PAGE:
If only people had more common sense than dogs
The national “debate” over the COVID-19 vaccine seems kind of crazy? When the vaccine refuser is a golden retriever, we take action because we understand that the dog can’t be reasoned with.
Let’s say there’s an outbreak of deadly parvovirus in your neighborhood. Your beloved golden retriever Red, however, goes into a full-scale panic attack at the sight or smell of a veterinarian. You know the disease is highly communicable and potentially fatal.
There’s a reliable vaccine, but the dog won’t listen. Runs and hides under the porch. Fights the leash like a smallmouth bass on a hook. Rolls over on his back and has to be dragged, panting and drooling. Maybe even bites the hand that feeds him.
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God forbid you should force the issue. No vaccine shot for Red. Even a dog has his rights, after all — among them the right to die in agony while shedding the deadly virus all over the neighborhood.
Put that way, the whole national “debate” over the COVID-19 vaccine seems kind of crazy, doesn’t it? When the vaccine refuser is a golden retriever, we take action because we understand that the dog can’t be reasoned with.
(When I lived in the country, I learned to administer my own vaccinations. I also prevented the animals from watching Fox News. It only riles up the cows.)
That said, I agree with the Republican governor of Alabama. Asked what it would take to convince her constituents to get vaccinated — Alabama is among the least-protected in the nation — Gov. Kay Ivey responded, “I don’t know. You tell me. Folks [are] supposed to have common sense. But it’s time to start blaming the unvaccinated folks, not the regular folks. It’s the unvaccinated folks that are letting us down.”
Trouble is, folks tend not to have a lot of common sense when they’re frightened. Not much more than their ancestors in 14th-century Europe who blamed the Black Death on Jews poisoning wells. Also on beggars and foreigners generally. Many lepers were put to death.
Mainly, though, it was the Jews.
Dr. Anthony Fauci isn’t Jewish, but he’ll do for a certain kind of fool. I think we all know the kind I mean.
Alabama physician Brytney Cobia wrote a Facebook post about admitting young, previously healthy patients to a COVID-19 ward in Birmingham.
“One of the last things they do before they’re intubated is beg me for the vaccine,” Dr. Cobia wrote, as quoted on AL.com. “I hold their hand and tell them that I’m sorry, but it’s too late.”
After they die, Cobia continued, “I hug their family members and I tell them the best way to honor their loved one is to go get vaccinated and encourage everyone they know to do the same.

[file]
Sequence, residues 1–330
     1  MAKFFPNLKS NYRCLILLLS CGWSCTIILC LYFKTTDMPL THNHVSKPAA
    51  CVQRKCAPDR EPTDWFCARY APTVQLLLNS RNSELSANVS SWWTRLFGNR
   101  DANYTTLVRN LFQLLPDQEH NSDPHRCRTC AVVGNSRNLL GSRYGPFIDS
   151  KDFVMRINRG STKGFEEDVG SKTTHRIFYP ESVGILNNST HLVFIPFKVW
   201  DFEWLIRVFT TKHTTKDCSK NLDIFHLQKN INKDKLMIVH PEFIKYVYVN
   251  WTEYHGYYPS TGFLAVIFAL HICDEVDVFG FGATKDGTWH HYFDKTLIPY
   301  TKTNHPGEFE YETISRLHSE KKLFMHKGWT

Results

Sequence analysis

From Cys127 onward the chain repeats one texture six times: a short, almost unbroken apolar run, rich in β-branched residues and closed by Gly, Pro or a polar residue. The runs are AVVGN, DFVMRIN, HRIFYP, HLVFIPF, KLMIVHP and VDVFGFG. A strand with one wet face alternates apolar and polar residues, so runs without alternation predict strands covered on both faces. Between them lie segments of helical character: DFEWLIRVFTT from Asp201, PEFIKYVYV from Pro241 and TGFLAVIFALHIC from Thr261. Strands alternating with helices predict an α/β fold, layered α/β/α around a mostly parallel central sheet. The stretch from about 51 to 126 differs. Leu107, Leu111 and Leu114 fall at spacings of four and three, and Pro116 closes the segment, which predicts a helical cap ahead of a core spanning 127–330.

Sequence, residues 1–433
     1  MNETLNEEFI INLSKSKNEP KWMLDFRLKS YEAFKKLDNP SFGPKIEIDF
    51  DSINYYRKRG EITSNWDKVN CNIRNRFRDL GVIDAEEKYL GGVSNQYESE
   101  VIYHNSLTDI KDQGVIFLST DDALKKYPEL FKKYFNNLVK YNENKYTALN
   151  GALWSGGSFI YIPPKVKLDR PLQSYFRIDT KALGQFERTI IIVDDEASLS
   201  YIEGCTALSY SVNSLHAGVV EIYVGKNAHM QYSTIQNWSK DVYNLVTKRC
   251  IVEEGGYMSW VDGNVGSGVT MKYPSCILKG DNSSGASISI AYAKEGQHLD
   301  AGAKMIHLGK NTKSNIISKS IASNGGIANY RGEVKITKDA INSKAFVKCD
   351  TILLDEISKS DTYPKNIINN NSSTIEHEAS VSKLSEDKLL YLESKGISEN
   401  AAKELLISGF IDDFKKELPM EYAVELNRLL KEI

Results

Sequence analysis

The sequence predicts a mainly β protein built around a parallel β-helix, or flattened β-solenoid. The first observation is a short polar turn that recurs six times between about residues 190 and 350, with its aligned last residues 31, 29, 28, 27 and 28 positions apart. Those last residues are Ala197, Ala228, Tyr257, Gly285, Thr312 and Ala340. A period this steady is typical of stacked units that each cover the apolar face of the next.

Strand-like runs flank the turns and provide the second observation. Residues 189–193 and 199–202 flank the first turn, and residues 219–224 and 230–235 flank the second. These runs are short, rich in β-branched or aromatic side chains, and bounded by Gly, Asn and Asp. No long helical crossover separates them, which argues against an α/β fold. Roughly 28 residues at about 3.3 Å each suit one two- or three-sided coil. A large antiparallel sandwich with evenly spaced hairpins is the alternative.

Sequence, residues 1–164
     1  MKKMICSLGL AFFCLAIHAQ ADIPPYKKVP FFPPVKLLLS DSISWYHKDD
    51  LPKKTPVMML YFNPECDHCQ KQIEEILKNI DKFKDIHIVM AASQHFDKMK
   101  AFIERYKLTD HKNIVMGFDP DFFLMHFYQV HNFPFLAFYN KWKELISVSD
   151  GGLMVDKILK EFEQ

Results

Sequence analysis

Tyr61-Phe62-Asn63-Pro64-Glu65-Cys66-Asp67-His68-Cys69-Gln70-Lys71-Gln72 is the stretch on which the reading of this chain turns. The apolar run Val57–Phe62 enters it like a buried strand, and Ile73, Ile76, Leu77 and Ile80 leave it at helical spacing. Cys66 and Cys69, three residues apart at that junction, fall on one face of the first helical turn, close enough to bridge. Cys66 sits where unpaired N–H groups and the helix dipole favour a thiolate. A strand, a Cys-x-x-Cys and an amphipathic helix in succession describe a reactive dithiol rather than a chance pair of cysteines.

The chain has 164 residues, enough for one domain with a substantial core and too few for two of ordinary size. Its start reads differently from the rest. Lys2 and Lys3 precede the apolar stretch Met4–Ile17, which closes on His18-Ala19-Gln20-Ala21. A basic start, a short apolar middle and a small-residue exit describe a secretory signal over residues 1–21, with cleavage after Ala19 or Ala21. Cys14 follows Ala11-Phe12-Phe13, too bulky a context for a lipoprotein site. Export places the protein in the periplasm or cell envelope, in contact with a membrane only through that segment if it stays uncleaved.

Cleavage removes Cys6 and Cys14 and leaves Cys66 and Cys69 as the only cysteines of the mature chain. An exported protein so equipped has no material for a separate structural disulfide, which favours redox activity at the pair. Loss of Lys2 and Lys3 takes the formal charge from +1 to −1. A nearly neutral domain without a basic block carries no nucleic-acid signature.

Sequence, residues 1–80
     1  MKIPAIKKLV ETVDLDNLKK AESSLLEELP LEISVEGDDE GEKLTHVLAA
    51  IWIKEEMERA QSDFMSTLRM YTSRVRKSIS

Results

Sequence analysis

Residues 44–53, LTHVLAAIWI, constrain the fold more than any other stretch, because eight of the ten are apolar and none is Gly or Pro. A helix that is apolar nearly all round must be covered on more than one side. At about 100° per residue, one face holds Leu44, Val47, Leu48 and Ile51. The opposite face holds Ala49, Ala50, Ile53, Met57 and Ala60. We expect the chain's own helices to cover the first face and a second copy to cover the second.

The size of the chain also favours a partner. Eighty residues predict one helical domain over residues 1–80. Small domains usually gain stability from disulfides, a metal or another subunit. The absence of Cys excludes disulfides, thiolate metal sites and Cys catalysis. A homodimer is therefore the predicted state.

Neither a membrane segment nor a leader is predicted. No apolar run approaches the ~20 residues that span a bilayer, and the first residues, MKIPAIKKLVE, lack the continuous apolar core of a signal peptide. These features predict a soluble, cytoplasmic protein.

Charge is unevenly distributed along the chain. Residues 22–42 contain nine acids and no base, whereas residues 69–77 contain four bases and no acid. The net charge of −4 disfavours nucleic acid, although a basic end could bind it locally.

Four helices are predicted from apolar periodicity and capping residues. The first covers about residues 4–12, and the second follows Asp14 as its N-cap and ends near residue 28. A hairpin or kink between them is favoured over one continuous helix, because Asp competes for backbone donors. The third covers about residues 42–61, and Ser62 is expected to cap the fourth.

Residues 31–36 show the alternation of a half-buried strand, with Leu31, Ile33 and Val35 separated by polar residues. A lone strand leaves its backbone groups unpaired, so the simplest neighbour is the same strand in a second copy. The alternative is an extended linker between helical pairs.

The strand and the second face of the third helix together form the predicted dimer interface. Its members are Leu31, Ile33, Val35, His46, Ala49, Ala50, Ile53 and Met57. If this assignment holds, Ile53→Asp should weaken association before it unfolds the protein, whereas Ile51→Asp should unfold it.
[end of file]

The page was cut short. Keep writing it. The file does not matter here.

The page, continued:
“They cry. And they tell me they didn’t know. They thought it was a hoax. They thought it was political. They thought because they had a certain blood type or a certain skin color they wouldn’t get as sick. They thought it was ‘just the flu.’ But they were wrong. And they wish they could go back. But they can’t.”
She prays that people will learn.
Many white southerners, Politico reports, “are turning down COVID-19 vaccines because they are angry that President Donald Trump lost the election and sick of Democrats in Washington thinking they know what’s best.”
Especially, of course, when they do.
Possibly they’ll listen to Gov. Ivey or Dr. Cobia, but not soon enough, I fear. Besides, as in the 14th century, paranoia is worldwide. There was a recent anti-vaccine rally in London’s Trafalgar Square, with a host of crackpots invoking imaginary, often self-contradictory horrors.
Vaccines are a satanic plot for world domination; or they’re a surveillance technology, turning your body into a 5G transmitter; or they alter your DNA; or they cause infertility. Or vaccines will just flat kill you.
Closer to home, the epicenter of the deadly pandemic surge in Arkansas, where I live, appears to be Branson, Missouri, the cornball country music capital of middle America.
“Branson has a lot of country-western shows,” Dr. Marc Johnson, an epidemiologist at the University of Missouri School of Medicine, told the Daily Beast. “No vaccines. No masks. A bunch of people indoors and air conditioning, tightly packed, listening to music, possibly singing along, i.e. a superspreading event.”
Yee-haw! The town’s mayor has proclaimed, “I DO NOT believe it’s my place, or the place of any politician, to endorse, promote or compel any person to get any vaccine.” He’s all about freedom and liberty, the mayor.
Only what about my freedom not to get infected because some country karaoke fan thinks COVID-19 is a hoax? Government and private employers can’t force people to take the shot, but they can require vaccines as a condition of employment. You already can’t get into Yankee Stadium without proof of vaccination. NFL teams will likely require it, too.
If people had any sense, you wouldn’t have to drag them from under the porch. But history teaches that you must.
Gene Lyons is a columnist with the Arkansas Times.
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